Wearing an orange jacket with a white shirt underneath, Mason Jones walked up to the podium for his first-ever post-game availability. An exhausted Jones said to himself, “Shit, I’m tired,” before a reporter could ask him a question via Zoom. Nobody — not even Jones —could predict that he would be one of three players speaking following the Houston Rockets’ 103-91 loss to the San Antonio Spurs. But Jones’ chances rose after he was one of eight players activated for the night.
He played 31 minutes for the short-handed Rockets and provided more than just an extra body on the court. Jones scored 24 points (8-12 FG, 6-8 3PT) to go along with 6 rebounds and 4 assists — a career night across the boards.
“It really means a lot to me. Every day I come here, I come ready to go. I want to be great. I know I have to continue getting better for opportunities like I had tonight. I just wanted to seize the opportunity to show why they brought me here on the team. I wanted to show why I was correct about being one of the best players in the draft this year.” — Jones
Jones’ play inside the Alamo City was an attestation of hard work, perseverance, and faith. It was those three principles that guided Jones from a JUCO player at Connor State College to SEC Co-Player of the Year at Arkansas. Now it’s those principles that helped push Jones from undrafted in November to cracking the Rockets rotation as a two-way player three months later.
Jones has seized the opportunity each time he hears his number called by Stephen Silas. And after 13 games, he has surpassed the expectations of an undrafted rookie who was supposed to join K.J. Martin, Kevin Porter Jr., and Brodric Thomas in Orlando for the G-League bubble.
“To be honest, it’s really all God because it shows the journey I’ve been on — which has been amazing. It’s not about proving people wrong, it’s about proving myself right. I am a big believer in my faith. And I knew that my hard work and dedication was going to pay off. For the fact that coach Silas and the players respected me as an undrafted rookie, that just makes me want to be more of a learner.” — Jones
Jones has been a spark plug off the bench providing instant offense for the Rockets. With comparisons to James Harden, Jones is a tough assignment for defenders due to his scoring versatility on the court. His pure textbook jump shot has him on the cusp of leading the league in three-point shooting (53.6% 3PT). And his ability to attack the basket often results in a layup or a trip to the charity line.
His breakout game in San Antonio was one of a handful of performances where Jones showcased the talent that awarded him the SEC scoring title (22.0 ppg) last season. A week later, the Dallas native registered 16 points in 19 minutes to help the Rockets take a 133-108 road victory against the Dallas Mavericks. He went 3-for-4 from three-point range inside the American Airlines Center — which included a 28-foot triple.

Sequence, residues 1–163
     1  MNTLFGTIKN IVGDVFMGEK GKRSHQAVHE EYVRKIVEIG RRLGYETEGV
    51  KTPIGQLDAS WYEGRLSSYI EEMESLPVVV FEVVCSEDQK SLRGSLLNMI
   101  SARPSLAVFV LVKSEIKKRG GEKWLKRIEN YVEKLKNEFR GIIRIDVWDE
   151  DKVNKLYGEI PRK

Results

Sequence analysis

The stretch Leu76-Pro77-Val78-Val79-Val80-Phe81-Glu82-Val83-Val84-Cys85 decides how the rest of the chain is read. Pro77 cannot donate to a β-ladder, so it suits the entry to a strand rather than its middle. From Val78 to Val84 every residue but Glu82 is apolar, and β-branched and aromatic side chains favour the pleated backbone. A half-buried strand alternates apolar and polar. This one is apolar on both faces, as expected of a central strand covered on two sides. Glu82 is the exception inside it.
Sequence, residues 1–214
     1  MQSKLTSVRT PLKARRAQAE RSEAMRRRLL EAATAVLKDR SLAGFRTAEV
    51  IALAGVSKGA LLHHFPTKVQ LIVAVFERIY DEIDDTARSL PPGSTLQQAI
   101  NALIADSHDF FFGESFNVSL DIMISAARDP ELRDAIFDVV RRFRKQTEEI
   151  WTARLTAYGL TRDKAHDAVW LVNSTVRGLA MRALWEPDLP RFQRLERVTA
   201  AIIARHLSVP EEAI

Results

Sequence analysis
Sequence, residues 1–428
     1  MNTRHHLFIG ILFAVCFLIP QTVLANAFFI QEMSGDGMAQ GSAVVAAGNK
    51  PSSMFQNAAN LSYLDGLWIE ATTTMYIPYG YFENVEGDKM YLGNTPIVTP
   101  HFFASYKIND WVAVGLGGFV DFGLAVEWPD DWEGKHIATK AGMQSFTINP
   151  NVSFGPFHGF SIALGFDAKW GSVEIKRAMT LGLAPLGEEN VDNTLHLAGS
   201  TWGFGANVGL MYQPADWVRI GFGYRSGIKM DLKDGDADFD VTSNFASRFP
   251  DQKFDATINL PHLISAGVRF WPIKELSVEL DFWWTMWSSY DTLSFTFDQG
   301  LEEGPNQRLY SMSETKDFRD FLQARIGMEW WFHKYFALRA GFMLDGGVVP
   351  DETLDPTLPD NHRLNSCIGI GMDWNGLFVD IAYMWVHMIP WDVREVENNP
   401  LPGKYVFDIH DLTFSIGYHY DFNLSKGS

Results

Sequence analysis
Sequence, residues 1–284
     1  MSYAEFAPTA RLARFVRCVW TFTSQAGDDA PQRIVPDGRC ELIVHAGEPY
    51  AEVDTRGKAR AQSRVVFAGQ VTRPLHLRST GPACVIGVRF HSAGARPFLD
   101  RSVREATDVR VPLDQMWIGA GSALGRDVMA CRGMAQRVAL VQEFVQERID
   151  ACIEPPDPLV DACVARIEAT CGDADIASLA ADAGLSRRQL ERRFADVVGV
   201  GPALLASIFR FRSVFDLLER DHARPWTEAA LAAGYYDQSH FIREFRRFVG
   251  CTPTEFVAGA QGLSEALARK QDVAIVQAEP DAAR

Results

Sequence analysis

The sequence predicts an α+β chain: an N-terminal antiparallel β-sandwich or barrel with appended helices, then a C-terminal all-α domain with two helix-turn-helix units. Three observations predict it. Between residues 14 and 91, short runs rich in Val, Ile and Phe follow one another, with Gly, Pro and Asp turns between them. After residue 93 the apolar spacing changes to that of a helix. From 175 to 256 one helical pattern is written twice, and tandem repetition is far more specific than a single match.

Jones’ offensive game has led to early success in Houston. But his desire to develop into a two-way player awarded him the trust of his coaches and teammates.
“I’m a good three-point shooter, and there is so much more I can do. I think I can shoot better than what I am shooting right now. I want to be great. And I know there are steps to it. If a game comes and coach Silas wants me to step up, I know I can do it”. — Jones
Defense has never been his forte. Jones admitted that he did not play defense in college but wanted to enhance his play on that side entering the league. He has spent extra time in practice working with Silas and his staff on both on and off-ball defense. Helping Jones reach his goal of becoming a better defender is John Wall.
As his mentor, Wall challenges Jones each day to become an adequate defender and playmaker for his teammates. Everyone is aware that Jones can score. But expanding his game as an all-around player is the best way for Jones to gain more minutes as a backup point guard.
“Mason is a scorer. I watched him a lot when he was at Arkansas. He can score the ball at a high level and shoot with confidence — I like him a lot. He doesn’t back down from anybody and he has a lot of confidence in his game. I tell him, ‘we know you can score.’ But when you are the third and fourth option, we don’t need too much scoring from him. We need a guy who can go in and control the game. Take open shots when they are there. And do the little things like communicate. That is something I can respect from a young player. He is working hard each day to get more minutes.” — Wall
For Jones, the lucrative opportunity he has to showcase what he could do in a Rockets jersey is foreign. Had he signed with the organization a year earlier, Jones would’ve had a first-class ticket to Orlando to suit up for the Rio Grande Valley Vipers. But that was under the old regime who did not play younger players on their pursuit for a championship — especially rookies.
Instead of being the odd man out, Jones is the quintessential Rocket in 2021. He is one of six undrafted players on the roster headlined by Christian Wood and Jae’Sean Tate.
“Rafael [Stone] does a good job picking out guys who went overlooked or just haven’t had success. He believes in our system and our ability to make players better. And he has trust in John Lucas in his player development. Most of the credit goes to the players for the adversity they had to overcome to get to this point. On draft night when your name isn’t called — that’s the adversity. What are you going to do to get to this point?” — Silas
Playing time doesn’t come around too often yet for Jones. But each time he steps onto the court, it’s a moment for him to prove that 29 other teams made a mistake passing on his talents on draft night. With a lot to prove, Jones has every reason to be playing for himself. But his top priority is helping the 11-10 Rockets succeed as a team with every opportunity he receives.